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Report: Eliminated NBA Teams 'Significantly Support' Secondary Campus to Train

Tim Daniels@TimDanielsBRFeatured ColumnistJune 27, 2020

CHICAGO, IL - OCTOBER 29:  Stephen Curry #30 of the Golden State Warriors moves against Zach LaVine #8 of the Chicago Bulls at the United Center on October 29, 2018 in Chicago, Illinois. The Warriors defeated the Bulls 149-124. NOTE TO USER: User expressly acknowledges and agrees that, by downloading and/or using this photograph, User is consenting to the terms and conditions of the Getty Images License Agreement.  (Photo by Jonathan Daniel/Getty Images)
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The majority of the eight NBA teams that didn't qualify for the league's restart reportedly have "significant support" for the idea of a second campus for training and televised games.

Sam Amick of The Athletic reported Friday a final decision likely won't be made until the 2019-20 season resumes at the Disney World complex in Orlando, Florida. Those games, featuring 22 of the NBA's 30 organizations, are tentatively scheduled to tip off July 30.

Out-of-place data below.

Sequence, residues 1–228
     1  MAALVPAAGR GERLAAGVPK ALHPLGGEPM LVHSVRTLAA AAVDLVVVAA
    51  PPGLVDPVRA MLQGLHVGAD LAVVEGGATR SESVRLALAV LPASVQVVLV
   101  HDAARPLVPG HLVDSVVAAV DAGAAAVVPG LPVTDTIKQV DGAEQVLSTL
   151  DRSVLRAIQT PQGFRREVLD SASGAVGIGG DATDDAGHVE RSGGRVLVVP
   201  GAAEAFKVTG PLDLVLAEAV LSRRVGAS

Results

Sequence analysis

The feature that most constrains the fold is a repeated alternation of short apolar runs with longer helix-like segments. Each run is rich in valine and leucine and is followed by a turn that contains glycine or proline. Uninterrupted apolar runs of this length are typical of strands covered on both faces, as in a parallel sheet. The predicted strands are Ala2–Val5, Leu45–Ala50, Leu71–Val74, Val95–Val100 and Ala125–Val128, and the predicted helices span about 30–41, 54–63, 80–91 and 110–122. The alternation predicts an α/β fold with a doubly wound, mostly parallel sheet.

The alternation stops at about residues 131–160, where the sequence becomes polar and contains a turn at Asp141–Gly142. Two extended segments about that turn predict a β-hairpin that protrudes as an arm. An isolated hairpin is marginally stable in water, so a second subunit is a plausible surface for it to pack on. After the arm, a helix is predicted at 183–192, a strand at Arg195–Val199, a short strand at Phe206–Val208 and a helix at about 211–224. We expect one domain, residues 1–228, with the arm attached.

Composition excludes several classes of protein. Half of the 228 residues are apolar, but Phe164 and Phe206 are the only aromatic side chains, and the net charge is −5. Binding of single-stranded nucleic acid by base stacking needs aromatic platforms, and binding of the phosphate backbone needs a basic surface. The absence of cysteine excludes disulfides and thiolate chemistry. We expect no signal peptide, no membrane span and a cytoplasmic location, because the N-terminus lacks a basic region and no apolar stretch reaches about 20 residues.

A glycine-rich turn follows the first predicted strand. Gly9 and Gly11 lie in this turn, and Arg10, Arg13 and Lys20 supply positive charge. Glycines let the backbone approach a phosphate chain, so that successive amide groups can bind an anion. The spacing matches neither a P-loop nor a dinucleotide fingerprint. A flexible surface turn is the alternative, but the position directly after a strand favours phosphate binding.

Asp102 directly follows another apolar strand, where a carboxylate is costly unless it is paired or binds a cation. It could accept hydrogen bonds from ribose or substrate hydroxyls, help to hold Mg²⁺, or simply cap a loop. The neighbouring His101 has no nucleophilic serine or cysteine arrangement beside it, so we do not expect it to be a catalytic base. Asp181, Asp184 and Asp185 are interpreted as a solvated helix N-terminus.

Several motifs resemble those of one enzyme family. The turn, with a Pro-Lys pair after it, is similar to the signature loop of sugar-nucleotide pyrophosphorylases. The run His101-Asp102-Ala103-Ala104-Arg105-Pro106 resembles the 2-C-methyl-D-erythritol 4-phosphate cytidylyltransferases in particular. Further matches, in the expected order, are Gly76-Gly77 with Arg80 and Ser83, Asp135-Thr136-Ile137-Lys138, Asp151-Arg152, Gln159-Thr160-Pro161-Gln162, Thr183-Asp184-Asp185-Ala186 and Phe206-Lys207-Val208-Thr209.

The Atlanta Hawks, Charlotte Hornets, Chicago Bulls, Cleveland Cavaliers, Detroit Pistons, Golden State Warriors, Minnesota Timberwolves and New York Knicks are the eight teams that won't take part.

Atlanta, Cleveland and Detroit have been among the most vocal teams trying to set up a return-to-play plan for the remaining teams, while league officials mentioned Las Vegas and Houston as possible hosts for a secondary campus, per Amick.

The Knicks were less certain in their participation should the idea receive a green light since their roster features several potential free agents, who may opt out of such a plan, according to Amick.

National Basketball Players Association executive director Michele Roberts told The Athletic she wasn't sure whether another campus would be plausible amid the coronavirus pandemic.

"But I am very concerned and frankly, my concern aside, our players, our teams are very concerned about any—in terms of play that doesn't have the same guarantees of safety and health that we've provided for the teams in Orlando," she said. "So yeah, never say never, but there's a standard."

If a plan isn't formulated, it would created an extended layoff for those teams. The 2019-20 campaign was halted March 11 because of the pandemic, and next season isn't scheduled to begin until Dec. 1.

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